This blog is a thank you letter to Jim Sterling.
It's been three years already. Where does the time go?
Looking for games at the bargain bin of my local game store, I saw a strange cover: A screaming woman being totured. A shadowy figure, dressed in red and holding an axe stood on the background, it's eyes glowing.
The name of the game was Deadly Premonition
The back cover talked about mysterious murders on a small town.
"It's just twenty bucks" I thought. "I've got nothing else to play right now. Might aswell get this Silent Hill wannabe"
I walked home, game in hand. I did not know what I was getting into. I remember putting the game into my Xbox, and upon witnessing the opening cinematic, I felt terrible. It looked like a Dreamcast game. Suddenly, those 20 bucks felt like a lot. I could have bought a burrito.
Some of my worries were eased somewhat, thanks to the awesome main menu music. A beautiful acoustic guitar song with solemn vocals. The woods and the Goddess:
The picture of a town amongst the woods was the background. Suddenly, the bad graphics didn't matter as much. "New Game it is".
The loading screen was bizzare to say the least. A red background, and two eyeless figures sporting glasgow smiles .
After getting through a strange red room with two boys/angels in it, I heard a voice. It called me: "Zach". Then came the first cutscene:
Francis York Morgan. An FBI agent, driving a sports car, smoking, typing on his notebook and discussing the psychology of Tom & Jerry cartoons over the phone with someone. All at the same time.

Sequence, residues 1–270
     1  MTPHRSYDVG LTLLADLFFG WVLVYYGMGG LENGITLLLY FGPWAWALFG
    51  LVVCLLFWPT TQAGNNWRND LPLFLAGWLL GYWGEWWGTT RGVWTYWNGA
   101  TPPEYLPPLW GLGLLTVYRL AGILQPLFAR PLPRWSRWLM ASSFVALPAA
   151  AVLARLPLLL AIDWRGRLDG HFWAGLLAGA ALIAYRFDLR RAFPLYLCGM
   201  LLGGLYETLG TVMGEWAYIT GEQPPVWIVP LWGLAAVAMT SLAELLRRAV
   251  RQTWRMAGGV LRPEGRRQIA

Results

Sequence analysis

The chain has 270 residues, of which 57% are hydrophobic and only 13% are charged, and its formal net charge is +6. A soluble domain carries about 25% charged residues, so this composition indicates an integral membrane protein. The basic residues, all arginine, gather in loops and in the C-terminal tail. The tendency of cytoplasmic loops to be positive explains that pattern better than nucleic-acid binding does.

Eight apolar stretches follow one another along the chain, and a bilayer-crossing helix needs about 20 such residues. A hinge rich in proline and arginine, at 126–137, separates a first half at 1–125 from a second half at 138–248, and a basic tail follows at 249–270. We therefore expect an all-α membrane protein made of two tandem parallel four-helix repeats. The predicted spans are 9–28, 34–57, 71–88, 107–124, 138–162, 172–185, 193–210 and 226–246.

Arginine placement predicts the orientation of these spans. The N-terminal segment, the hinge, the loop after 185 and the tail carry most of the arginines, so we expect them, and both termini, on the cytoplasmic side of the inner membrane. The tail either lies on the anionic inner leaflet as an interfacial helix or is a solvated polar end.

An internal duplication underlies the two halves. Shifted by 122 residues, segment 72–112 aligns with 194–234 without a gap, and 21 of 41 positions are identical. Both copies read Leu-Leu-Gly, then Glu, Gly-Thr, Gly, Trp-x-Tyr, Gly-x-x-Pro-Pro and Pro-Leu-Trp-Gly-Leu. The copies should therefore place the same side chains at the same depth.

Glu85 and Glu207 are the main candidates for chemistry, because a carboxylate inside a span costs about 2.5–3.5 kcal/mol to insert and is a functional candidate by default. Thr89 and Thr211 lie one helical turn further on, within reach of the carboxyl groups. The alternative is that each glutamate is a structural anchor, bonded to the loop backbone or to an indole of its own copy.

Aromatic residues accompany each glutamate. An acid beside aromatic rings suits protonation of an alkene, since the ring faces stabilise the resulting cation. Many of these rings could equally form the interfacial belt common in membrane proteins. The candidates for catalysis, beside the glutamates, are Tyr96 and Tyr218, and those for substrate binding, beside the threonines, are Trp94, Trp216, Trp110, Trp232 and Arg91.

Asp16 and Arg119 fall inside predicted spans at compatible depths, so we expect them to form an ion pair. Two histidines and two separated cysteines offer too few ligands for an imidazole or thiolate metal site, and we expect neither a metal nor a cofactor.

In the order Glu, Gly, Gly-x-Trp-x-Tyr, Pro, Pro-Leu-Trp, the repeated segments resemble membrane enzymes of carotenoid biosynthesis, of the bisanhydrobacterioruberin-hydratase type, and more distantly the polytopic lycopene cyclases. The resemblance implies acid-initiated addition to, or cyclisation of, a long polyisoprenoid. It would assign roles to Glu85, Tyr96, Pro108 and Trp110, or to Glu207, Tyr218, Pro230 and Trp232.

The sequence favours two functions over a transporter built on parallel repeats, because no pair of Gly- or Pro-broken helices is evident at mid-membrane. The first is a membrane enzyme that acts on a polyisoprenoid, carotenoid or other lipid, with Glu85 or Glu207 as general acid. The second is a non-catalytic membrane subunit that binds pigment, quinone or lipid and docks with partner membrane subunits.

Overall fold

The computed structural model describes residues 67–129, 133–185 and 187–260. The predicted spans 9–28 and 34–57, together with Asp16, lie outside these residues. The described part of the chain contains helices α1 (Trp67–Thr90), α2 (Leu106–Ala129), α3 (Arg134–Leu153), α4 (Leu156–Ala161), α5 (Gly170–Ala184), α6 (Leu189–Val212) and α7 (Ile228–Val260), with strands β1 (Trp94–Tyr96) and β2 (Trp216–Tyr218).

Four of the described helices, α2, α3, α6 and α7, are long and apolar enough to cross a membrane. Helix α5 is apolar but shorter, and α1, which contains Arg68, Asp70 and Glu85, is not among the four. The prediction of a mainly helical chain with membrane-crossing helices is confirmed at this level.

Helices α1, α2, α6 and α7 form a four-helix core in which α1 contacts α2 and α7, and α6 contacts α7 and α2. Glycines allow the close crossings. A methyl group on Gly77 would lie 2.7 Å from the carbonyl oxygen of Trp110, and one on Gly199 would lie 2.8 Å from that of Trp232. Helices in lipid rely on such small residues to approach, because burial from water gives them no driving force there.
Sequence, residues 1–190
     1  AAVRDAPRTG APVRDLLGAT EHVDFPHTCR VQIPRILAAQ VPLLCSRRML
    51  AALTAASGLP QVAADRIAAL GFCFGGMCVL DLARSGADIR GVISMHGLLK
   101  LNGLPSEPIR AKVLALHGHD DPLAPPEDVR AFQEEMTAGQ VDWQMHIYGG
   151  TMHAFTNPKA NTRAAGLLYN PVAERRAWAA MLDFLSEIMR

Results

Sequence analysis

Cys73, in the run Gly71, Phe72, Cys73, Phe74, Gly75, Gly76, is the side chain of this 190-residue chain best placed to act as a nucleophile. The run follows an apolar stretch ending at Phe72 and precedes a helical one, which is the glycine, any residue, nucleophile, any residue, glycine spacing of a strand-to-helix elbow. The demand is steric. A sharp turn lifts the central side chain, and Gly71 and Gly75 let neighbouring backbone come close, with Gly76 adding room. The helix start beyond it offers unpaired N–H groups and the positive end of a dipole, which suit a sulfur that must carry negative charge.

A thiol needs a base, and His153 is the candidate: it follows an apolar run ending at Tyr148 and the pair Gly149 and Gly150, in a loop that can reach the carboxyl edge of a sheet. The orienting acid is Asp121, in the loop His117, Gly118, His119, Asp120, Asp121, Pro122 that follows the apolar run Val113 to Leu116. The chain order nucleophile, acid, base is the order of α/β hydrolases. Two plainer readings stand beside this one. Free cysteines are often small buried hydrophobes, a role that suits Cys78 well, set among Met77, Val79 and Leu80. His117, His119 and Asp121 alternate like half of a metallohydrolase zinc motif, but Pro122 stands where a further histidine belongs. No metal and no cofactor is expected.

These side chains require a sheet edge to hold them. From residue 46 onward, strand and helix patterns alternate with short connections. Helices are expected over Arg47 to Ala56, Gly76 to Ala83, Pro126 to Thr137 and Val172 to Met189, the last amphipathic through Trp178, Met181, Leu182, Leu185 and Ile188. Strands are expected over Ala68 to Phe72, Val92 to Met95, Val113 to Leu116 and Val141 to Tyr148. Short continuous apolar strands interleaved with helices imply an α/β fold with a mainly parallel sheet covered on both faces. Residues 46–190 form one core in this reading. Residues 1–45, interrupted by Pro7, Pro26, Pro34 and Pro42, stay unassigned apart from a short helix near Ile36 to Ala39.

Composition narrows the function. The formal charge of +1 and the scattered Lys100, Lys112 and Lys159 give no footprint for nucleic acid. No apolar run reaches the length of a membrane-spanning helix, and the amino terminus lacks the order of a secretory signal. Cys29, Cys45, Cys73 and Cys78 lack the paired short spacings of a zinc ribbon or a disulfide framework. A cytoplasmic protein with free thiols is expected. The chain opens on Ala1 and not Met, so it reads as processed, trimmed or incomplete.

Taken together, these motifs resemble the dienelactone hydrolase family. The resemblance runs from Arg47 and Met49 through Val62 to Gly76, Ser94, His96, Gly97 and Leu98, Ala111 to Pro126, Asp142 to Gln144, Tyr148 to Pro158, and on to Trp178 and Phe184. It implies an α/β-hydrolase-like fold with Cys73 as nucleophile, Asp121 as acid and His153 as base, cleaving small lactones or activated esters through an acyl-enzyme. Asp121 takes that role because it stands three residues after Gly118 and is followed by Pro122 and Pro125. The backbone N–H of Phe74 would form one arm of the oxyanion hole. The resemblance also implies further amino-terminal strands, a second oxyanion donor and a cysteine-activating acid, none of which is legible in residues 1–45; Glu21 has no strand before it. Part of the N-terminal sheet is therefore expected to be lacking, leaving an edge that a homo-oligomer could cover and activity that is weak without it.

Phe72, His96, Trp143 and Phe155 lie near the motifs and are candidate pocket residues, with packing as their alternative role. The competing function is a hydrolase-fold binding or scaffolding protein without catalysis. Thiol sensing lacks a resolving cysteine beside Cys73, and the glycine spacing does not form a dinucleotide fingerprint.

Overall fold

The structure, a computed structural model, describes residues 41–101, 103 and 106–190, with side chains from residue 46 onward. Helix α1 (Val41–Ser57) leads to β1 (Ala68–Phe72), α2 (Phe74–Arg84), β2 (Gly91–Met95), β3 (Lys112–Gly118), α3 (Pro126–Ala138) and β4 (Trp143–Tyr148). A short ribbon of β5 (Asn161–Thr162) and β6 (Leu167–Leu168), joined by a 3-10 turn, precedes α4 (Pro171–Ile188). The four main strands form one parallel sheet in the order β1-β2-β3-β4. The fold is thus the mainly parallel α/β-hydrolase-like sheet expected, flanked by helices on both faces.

The first proper gameplay segment came after that. Terrible controls. The aiming was stiff as hell, the animations were awful and for some reason, I had infinite pistol ammo.
"Wow, what a horror game huh"
It wasn't long before I found out why infinite ammo was a must: The enemies took ages to die. They were ghost/zombie/Joker/limbo dancer things that stuck body parts into your mouth while screaming "I DONWANNA DIEEEEEE"
It was in this first hour that I crossed paths with the main antagonist for the first time. The Axe wielding red coated maniac. The Raincoat killer. I remember that the only good things I had to say about the game up to that point were: The music is good and the villain looks awesome.
After getting through the initial level, I turned the Xbox off. "Well, this game blows. I feel ripped off. What are the reviews for it?"
"What, some site gave it a perfect score? Destructoid huh? This guy must be insane"
That guy was Jim Sterling.
To quote his review: When we judge a game like this, how do we do it? Do we judge simply on gameplay? If so, the repetitive combat and long drives around town may very well mark it as a mediocre title. Do we judge it on story quality? If so, then we have a game that makes no sense and frequently makes light of murder and sexual deviancy. I say a game needs to be judged by how often it made you happy, how much you laughed or became excited, and how long you spend thinking about it after it was finished. If we judge it by those standards, then Deadly Premonition, my friends, is simply stunning.
And upon reading his review I realized that bad graphics and terrible controls aside, I did like agent York. Maybe this was a game worth playing just for the story and the laughs. I turned my computer off and went back to Deadly Premonition. And I didn't put it down until I was done with it.
Deadly Premonition might just be my favorite game of all time, and if it wasn't for Jim and this site, I wouldn't have experienced the magic of Greenvale, the wonderful cast of characters, the hilarious dialogues, the FK in my coffee.
Deadly Premonition is like true love: You accept the good and the bad, to the point when even the imperfections become attractive. And Dtoid is the nice friend that hooked us up.